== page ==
K.J. Oliver - When you start talkin' 'bout cows, Louis Power's name was a household name.
E.J. Garza - Uncle Louis Power.
John Brown - He's the best one that I know about.
E.J. Garza - He was a cowman.
John Brown - That was a man... he knowed cattle.
K.J. Oliver - He was a cowman.
John Brown - I was a kid so I never worked under him but what I hear from my days on up to now he was one of the best.
Jesse Jones - One of the best.
E.J. Garza - He was one of the best.
Jesse Jones - All the older hands, they give it to him.
E.J. Garza - Yep.
Jesse Jones - Big men give it to him.
E.J. Garza - He could count cattle.
John Brown - They say... I know he could count, but he couldn't read, couldn't write, but he could count.
Jesse Jones - Knowed how to work cattle, knowed how to work his men.
John Brown - That's right.
E.J. Garza - He knowed how to work his men.
Tom O'Connor - When I remember Louis, he could look at an ole 15 year old cow at the Duke Ranch and tell you exactly where she was born, where her mother dropped her, what her mother looked like and how her mother usually went through the winter. Cause there were three thousand cows on the Duke ranch, he knew every one of them, individually. Because that's all he did, he lived with them. He didn't read, he didn't have television to look at or radio to listen to, he went to bed at night and he got up in the morning and he fooled with cattle.
Bailey Shaw - Who that, Louis Power?
Quinn Love - Yeah
Bailey Shaw - He borned on a cow's back.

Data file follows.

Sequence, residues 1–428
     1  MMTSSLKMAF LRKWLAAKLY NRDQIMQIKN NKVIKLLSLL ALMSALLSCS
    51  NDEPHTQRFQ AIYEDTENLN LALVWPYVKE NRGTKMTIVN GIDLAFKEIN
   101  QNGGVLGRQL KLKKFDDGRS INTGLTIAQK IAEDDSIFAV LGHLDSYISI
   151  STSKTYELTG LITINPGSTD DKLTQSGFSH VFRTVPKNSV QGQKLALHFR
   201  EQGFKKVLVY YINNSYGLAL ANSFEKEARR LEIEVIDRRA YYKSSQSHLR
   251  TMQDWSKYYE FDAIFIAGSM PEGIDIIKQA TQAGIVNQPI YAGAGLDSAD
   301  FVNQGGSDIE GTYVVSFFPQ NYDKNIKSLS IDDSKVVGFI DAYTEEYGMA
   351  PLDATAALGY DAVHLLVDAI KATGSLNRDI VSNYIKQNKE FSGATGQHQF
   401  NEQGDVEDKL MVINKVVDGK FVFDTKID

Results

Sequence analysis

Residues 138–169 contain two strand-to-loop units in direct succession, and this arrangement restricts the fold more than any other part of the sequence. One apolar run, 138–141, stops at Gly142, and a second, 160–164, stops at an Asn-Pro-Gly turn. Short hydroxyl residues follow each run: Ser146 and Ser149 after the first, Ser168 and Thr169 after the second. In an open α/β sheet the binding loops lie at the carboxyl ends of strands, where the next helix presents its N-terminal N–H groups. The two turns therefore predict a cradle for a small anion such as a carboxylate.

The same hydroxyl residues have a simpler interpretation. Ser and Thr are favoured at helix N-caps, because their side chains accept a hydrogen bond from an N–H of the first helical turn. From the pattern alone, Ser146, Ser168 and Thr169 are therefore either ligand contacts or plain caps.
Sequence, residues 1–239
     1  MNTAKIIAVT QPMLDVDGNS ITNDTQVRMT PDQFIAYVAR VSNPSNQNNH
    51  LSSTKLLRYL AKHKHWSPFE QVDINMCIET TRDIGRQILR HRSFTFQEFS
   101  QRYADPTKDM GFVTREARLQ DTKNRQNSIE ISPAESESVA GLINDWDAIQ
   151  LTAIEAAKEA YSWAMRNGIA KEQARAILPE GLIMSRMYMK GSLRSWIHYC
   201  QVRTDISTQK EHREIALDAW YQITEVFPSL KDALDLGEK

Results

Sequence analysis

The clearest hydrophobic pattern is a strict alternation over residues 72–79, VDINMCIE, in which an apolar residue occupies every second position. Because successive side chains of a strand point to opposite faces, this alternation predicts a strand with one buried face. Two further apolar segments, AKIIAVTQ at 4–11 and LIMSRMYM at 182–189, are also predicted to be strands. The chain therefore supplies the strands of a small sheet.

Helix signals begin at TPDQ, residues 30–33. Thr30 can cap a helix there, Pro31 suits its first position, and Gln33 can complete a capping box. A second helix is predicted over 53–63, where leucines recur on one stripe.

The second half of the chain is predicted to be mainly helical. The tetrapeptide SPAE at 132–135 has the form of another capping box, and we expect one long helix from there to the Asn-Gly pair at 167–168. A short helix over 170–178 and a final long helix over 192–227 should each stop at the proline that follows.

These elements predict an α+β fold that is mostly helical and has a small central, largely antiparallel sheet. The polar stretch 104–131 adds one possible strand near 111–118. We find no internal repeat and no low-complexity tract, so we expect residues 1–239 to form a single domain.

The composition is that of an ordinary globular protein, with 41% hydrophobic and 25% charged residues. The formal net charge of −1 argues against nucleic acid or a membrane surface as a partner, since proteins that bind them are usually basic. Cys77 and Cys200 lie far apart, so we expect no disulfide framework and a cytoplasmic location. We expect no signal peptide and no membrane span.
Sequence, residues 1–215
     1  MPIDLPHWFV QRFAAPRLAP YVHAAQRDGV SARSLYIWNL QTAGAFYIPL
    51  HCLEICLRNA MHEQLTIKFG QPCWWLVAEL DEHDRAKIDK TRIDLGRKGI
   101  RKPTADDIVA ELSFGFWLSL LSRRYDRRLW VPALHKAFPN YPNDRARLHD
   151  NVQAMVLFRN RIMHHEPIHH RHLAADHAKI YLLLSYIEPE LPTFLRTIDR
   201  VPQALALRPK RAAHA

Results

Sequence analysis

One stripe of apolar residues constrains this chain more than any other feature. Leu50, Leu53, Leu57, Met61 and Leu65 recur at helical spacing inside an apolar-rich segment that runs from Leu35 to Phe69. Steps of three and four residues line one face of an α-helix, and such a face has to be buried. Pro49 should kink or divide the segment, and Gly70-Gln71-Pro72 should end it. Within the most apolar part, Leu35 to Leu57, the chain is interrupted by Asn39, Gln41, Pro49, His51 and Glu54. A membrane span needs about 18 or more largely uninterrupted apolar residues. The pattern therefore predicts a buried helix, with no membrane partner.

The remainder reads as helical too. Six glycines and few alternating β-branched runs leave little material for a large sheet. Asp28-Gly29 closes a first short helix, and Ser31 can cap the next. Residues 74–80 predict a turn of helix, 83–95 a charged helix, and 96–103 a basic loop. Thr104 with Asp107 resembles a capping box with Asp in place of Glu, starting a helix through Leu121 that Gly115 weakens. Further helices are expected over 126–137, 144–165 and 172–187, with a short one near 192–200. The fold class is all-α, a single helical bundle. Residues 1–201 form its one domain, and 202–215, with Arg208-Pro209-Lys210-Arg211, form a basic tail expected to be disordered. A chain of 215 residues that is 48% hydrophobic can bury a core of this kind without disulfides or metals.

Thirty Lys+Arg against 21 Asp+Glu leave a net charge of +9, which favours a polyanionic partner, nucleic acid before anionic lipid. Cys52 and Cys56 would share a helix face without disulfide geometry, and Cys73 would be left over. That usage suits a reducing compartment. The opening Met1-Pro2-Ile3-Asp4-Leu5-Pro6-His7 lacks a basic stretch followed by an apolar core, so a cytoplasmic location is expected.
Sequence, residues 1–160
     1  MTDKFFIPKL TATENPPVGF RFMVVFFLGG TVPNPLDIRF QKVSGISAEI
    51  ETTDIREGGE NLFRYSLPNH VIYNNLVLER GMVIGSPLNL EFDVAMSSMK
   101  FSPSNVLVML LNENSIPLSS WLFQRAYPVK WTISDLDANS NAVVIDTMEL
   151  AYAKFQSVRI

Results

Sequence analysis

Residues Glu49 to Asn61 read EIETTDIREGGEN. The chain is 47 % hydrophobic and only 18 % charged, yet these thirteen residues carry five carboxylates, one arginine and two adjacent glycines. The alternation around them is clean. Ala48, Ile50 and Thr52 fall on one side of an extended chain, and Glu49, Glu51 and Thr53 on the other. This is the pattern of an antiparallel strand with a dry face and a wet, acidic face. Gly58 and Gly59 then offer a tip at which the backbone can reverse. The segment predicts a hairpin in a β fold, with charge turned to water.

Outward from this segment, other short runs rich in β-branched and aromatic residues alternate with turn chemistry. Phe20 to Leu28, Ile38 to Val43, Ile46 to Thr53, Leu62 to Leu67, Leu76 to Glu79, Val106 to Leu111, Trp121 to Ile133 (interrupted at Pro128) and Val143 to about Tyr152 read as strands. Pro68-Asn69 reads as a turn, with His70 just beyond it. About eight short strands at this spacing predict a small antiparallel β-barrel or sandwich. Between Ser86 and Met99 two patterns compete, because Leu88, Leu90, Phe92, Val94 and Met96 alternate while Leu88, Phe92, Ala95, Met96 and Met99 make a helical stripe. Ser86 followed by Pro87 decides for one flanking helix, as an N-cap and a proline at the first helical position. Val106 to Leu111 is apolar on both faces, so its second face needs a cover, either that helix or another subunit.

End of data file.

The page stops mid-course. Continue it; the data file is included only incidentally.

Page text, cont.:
Buster Bickford - He'd look at a steer and guess within five pounds of his weight
Milam Thompson - I'll tell you one thing he could look out across the praire and see a calf following a cow and he could tell you whether it was a bull or a heffer. I know Uncle Louis.... he could tell by the way an animal moved, as far as he could see he could tell whether that thing had worms in him, you know, in his body.
L.V. Terrell - In his body.
Jesse Jones - Everybody looked up to him. he was one man...he taught many a cowboy, all the Greens. When they left that ranch they was educated.
Rafael de la Garza - He learned me how to work cattle.
Milam Thompson - He did?
Rafael de la Garza - Showed me how to hold a rope. He put me to cuttin cattle in 1917
Milam Thompson - I don't know how he got it and where it come from but he was smart. Something like Soloman.
K.J. Oliver - When they made him they throwed the pattern away. There ain't no more cowmen like him.
Rafael de la Garza - Louis worked about as hard as his men did, or more.
Bailey Shaw - But Uncle Louis could dip more cattle.... Louis Power could dip more cattle than any man I ever seen. But he worked more cause he worked night and day, you know. You were up at three if you were workin' for Louis Power.
Jesse Jones - He rattle that gate between the camphouse and yours house..... and "here come the boss", and we all be jumpin' up cause he already had his saddle and horse saddled up and everything, cause when he get there and he get his horse he'd say "Let's go". I mean he ready for everybody to be ready, too.
Bailey Shaw - You've got a round up out there somewhere, you can't see 'em, but the cattle is there.
Rosie Jones - If he didn't say "Let's go", he'd say "Let's ride....let's ride".